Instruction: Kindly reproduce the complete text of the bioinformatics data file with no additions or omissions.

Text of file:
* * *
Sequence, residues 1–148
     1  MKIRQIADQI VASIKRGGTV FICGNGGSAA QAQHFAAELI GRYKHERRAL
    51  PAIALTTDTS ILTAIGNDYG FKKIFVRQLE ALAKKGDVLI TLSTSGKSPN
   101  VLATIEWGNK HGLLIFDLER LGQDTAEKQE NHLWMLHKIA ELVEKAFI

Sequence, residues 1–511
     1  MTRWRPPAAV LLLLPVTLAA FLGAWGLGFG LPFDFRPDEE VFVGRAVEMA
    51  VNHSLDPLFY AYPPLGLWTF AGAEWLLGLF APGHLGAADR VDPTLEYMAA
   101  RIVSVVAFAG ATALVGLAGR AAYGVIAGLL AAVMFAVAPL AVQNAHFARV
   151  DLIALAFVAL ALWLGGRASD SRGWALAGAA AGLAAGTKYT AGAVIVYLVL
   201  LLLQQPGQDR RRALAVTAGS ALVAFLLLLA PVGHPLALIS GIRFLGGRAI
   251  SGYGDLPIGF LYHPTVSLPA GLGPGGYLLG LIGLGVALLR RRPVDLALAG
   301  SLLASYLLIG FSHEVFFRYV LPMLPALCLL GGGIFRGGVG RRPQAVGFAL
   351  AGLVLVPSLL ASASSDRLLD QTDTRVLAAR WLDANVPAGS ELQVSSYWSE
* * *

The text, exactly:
Sequence, residues 1–148
     1  MKIRQIADQI VASIKRGGTV FICGNGGSAA QAQHFAAELI GRYKHERRAL
    51  PAIALTTDTS ILTAIGNDYG FKKIFVRQLE ALAKKGDVLI TLSTSGKSPN
   101  VLATIEWGNK HGLLIFDLER LGQDTAEKQE NHLWMLHKIA ELVEKAFI

Sequence, residues 1–511
     1  MTRWRPPAAV LLLLPVTLAA FLGAWGLGFG LPFDFRPDEE VFVGRAVEMA
    51  VNHSLDPLFY AYPPLGLWTF AGAEWLLGLF APGHLGAADR VDPTLEYMAA
   101  RIVSVVAFAG ATALVGLAGR AAYGVIAGLL AAVMFAVAPL AVQNAHFARV
   151  DLIALAFVAL ALWLGGRASD SRGWALAGAA AGLAAGTKYT AGAVIVYLVL
   201  LLLQQPGQDR RRALAVTAGS ALVAFLLLLA PVGHPLALIS GIRFLGGRAI
   251  SGYGDLPIGF LYHPTVSLPA GLGPGGYLLG LIGLGVALLR RRPVDLALAG
   301  SLLASYLLIG FSHEVFFRYV LPMLPALCLL GGGIFRGGVG RRPQAVGFAL
   351  AGLVLVPSLL ASASSDRLLD QTDTRVLAAR WLDANVPAGS ELQVSSYWSE